I thankfully acknowledge not just those who actively reach out to the not-yet-religious, but even those of you who never speak or do anything for us Baalei Teshuva at all. I thankfully acknowledge that it was you who kept the flame of Yiddishkeit bright enough that I could see it in my corner of the world.

I thankfully acknowledge that you let people like me into your homes and onto your streets, even though you know the danger, even though you understand it will change your way of life in unpredictable and perhaps irreversible ways.

I thankfully acknowledge that even though you might see the arrival of people like me as some sort of godsend or blessing, you did not have to see it this way, and that until Moshiach’s times, everything has downsides, even me. I thank you for believing in us.

I thankfully acknowledge that you have generally been quite patient with my lack of knowledge and even my own self-importance. I remember saying once at the Mayanot Yeshiva in front of some of you that the entire hope for the Jewish people rests on Baalei Teshuva. Thank you for not slapping me. I kind of wish you did.

I thankfully acknowledge my many teachers, both my peers and my elders, without whom I would not even know enough to be a part of this conversation. I thankfully acknowledge your long hours listening to me as I mangled my Aramaic and Hebrew and Yiddish, and treasured me even in my arrogance, and nurtured me so I at least know something of my own heritage today.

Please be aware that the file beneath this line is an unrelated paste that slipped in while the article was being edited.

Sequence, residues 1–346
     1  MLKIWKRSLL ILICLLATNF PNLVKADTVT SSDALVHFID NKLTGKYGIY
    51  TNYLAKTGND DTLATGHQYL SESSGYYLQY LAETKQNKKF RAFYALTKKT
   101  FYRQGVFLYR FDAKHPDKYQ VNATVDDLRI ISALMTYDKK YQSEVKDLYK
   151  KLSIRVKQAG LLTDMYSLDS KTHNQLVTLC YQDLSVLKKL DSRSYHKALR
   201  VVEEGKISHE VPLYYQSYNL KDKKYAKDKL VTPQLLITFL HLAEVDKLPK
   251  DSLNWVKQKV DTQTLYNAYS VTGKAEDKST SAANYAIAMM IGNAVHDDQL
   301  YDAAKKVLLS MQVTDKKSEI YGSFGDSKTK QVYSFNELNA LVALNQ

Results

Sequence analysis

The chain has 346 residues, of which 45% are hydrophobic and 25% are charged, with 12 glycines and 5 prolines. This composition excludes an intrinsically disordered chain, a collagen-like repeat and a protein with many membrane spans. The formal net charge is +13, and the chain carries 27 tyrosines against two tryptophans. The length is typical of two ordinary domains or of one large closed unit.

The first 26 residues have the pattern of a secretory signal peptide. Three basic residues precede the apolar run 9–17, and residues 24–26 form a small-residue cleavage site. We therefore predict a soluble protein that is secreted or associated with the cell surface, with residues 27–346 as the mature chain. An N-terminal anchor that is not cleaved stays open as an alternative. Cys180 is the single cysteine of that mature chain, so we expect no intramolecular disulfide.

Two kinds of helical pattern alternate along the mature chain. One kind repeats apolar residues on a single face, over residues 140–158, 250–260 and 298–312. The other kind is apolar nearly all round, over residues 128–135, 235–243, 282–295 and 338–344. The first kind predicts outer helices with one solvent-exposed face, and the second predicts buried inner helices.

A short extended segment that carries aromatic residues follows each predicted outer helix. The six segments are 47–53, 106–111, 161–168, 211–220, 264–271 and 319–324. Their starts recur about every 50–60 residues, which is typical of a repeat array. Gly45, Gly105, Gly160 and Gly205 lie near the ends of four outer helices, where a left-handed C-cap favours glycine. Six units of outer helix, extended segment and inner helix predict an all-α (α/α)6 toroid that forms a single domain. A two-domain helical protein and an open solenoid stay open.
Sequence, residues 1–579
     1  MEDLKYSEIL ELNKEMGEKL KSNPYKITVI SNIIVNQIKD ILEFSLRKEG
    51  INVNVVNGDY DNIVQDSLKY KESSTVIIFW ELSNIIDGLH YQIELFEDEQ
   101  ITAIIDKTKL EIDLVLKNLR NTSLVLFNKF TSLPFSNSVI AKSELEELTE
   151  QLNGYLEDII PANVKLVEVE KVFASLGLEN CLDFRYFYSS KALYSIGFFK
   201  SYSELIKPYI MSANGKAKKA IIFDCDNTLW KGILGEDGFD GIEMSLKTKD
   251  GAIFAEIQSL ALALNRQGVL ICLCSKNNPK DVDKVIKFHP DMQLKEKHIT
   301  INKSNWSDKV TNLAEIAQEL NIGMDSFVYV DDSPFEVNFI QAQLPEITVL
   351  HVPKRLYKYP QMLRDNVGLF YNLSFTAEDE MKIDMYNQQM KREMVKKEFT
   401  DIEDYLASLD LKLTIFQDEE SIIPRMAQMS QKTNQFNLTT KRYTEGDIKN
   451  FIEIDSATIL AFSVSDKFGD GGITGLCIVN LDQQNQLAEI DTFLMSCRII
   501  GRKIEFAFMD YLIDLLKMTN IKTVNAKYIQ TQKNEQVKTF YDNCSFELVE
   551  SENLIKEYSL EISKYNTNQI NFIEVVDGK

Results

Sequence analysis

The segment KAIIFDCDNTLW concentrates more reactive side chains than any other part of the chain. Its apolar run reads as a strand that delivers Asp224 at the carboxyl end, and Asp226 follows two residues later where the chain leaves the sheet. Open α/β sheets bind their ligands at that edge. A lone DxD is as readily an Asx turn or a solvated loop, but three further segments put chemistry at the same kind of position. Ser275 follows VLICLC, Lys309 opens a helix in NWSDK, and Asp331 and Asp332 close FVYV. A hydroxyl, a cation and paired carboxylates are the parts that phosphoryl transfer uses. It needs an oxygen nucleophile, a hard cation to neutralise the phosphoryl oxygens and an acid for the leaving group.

I thankfully acknowledge your patience. I still have so much to learn, and my words sometimes exceed my wisdom.

I thankfully acknowledge your willingness to even talk about my ideas, suggestions, and innovations. The fact is, “we have always done/understood it this way” is more powerful than my great insight. You do not have to explain yourself to anyone, particularly someone who just got here and who may, tomorrow, leave.

I thankfully acknowledge those of you who wish I would no longer speak as a Baal Teshuva, but rather as yet another member of the community, the same as any other. This is perhaps your greatest kindness of all, but I hesitate to accept it. Perhaps you should be more discerning.

I even thankfully acknowledge those exceptions who prove the rule: you who are more strict, who will never see me as one of your own. I understand you, and I thank you. Your voice, too, is important (you don’t need me to say this, but since some might say the opposite, I will). You want to protect your people and your way of life from those who would unmake, through destruction or drastic transformation, that which you have built. You doubt whether we are truly invested, whether we will not, with the power that belongs to all that is young and new, use the life you have given us to destroy you.

No, I do not want you to forget that I am a Baal Teshuva. I want you to weigh me with your standards, as you weighed the advantages of taking me in, and I will thankfully accept your assessment, like a parched traveler who, at the end of the wilderness, accepts a sideways glance along with his life-giving water.

Thank you for hearing my ideas and stubbornly rejecting most of them.

That’s what your parents, and their parents, and their parents did.

That’s why you were born to a frum family, a family that accepted an idea at Sinai, and rejected afterward.

It is only through that age-old rejection, after all, that I came to be here.

Thanks again,

L’chaim,

Tzvi Kilov

 

 

Originally posted on Hevria.